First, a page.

On 27 March, I travelled to western Thailand to visit the European Union funded global citizenship programme. In partnership with the Ministry of Education and UNICEF, the programme promotes critical life skills and helps to create a harmonized atmosphere in schools to make the integration of new students including migrant children easier. It emphasizes openness toward people from other cultures, respect for cultural otherness and global-mindedness.
Many children find school daunting at first and migrant children face particular challenges. Many of them do not speak Thai as their first language which leads to feelings of isolation, literacy problems and lower academic achievement. Some are unable to start school with their peers of the same age group due to literacy barriers.
Migrant children also need to be given time to adjust to the new school environment when they first start. Support from teachers, friends and school communities are crucial and could determine the success of a migrant child’s education.
While at Baan Ta Art School, I met a group of children from year 6 who worked on a book project together. Developing storylines and very colorful illustrations on important child rights issues gave them the chance to talk about their differences and similarities.
“It was a lot of fun to discover different practices we have in Myanmar and Thailand when greeting each other and celebrating important holidays”, one of the students shared.
In Thailand, there are an estimated 4 to 5 million migrants originating largely from neighbouring countries such as, Myanmar, Cambodia, Laos, and Vietnam. This has resulted in a concentration of migrants in specific areas such as Mahachai, Samut Sakorn province, one of the largest industrial fishing hubs in the country.
Tak is one of the provinces that many migrants live and work because it shares a border with Myanmar, many workers commute daily between the two countries. The migrant population in Tak has created a unique social diversity in the province, including in schools. This kind of environment is a good opportunity for children to learn about different cultures and respect diversity.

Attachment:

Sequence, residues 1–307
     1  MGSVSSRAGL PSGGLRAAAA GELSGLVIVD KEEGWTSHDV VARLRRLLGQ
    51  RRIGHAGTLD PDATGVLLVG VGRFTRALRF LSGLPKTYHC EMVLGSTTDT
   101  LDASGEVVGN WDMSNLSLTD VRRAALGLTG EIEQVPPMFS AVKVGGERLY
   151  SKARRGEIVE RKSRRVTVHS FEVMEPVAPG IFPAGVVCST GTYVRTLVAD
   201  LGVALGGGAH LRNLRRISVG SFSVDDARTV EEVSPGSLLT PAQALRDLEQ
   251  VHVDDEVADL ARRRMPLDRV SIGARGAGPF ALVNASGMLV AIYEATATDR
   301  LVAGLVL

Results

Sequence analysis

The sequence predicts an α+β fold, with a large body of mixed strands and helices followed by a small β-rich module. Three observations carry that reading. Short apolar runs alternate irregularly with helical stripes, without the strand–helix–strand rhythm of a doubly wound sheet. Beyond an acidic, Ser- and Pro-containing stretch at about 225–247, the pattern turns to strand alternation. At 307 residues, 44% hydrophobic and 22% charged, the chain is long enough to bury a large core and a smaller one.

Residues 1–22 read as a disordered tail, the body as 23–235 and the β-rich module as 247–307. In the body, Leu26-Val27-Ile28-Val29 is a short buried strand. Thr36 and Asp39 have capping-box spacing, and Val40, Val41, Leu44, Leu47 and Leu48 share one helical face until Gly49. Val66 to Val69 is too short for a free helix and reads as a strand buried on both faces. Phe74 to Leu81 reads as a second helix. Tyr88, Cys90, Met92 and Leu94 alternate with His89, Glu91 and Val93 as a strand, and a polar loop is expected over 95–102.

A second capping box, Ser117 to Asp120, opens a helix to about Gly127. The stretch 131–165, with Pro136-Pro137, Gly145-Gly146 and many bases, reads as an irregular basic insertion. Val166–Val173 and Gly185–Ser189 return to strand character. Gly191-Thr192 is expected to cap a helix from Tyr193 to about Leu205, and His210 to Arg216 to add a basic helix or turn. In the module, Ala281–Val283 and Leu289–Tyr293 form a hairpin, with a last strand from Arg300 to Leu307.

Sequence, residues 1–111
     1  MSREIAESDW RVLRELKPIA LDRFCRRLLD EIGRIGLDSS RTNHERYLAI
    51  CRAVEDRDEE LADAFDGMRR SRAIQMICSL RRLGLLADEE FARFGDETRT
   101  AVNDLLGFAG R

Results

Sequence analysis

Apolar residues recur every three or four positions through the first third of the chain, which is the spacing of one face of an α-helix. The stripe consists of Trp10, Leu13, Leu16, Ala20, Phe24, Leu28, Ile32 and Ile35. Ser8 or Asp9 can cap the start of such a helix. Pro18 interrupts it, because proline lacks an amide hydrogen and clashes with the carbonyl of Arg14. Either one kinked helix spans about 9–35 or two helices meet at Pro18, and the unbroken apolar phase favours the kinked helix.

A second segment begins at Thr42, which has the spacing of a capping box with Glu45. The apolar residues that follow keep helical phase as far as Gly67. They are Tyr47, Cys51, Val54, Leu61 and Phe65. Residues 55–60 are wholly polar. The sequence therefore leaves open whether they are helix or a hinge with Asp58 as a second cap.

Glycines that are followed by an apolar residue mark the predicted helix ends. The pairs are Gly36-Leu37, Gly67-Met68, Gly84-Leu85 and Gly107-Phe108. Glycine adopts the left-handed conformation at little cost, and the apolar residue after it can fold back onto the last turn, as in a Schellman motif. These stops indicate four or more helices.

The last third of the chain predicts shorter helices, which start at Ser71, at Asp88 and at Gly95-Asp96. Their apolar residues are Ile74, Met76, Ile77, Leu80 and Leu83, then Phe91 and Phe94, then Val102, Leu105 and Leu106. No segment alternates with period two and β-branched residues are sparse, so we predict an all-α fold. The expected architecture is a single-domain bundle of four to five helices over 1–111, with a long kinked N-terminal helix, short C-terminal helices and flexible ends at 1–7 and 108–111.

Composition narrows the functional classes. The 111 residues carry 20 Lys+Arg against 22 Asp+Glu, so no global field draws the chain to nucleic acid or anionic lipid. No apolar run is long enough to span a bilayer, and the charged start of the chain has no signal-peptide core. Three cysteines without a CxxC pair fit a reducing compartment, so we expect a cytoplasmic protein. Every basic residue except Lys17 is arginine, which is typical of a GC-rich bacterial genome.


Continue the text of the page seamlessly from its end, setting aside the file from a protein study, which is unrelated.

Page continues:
I saw this when I visited the home of Watcharapong, now 16 years old, who moved from Myanmar to Thailand when he was 4 months old. In his house close to the river that forms the border with Myanmar he chats with his grandmother and switches smoothly from Thai to Myanmar language.
“I walk to school every morning with my friends from this migrant community. In school we meet our other friends and we all play and laugh together. I love to play football with them. Some of my Thai friends want to learn the Myanmar language and I help them.”
In Thailand, the European Union, UNICEF and the Government of Thailand have a three -year partnership to protect the rights of children affected by migration in the country.
Thailand has policies and legislation in place to provide education, healthcare and child protection services to all children including children from migrant communities, but a large number of migrant children still face multiple challenges in accessing affordable and quality services. Migrant children are still being left out for many reasons, including social stigma, poverty, frequent movement, inadequate service coverage as well as a lack of awareness and knowledge about how to access available services.
One aim of the partnership is to improve access to health care and education services for migrant and stateless children. This includes working with education authorities to identify and address challenges such as transportation and language barriers as well as advocating for a good practice to ensure the education system and schools are more inclusive and responsive to the needs of migrant children.
Protecting children affected by migration in Southeast, South, and Central Asia is a project implemented by UNICEF and co-funded by the European Union and UNICEF. The eight countries included in the programme are Bangladesh, Kazakhstan, Kyrgyzstan, Malaysia, Myanmar, Tajikistan, Thailand and Uzbekistan.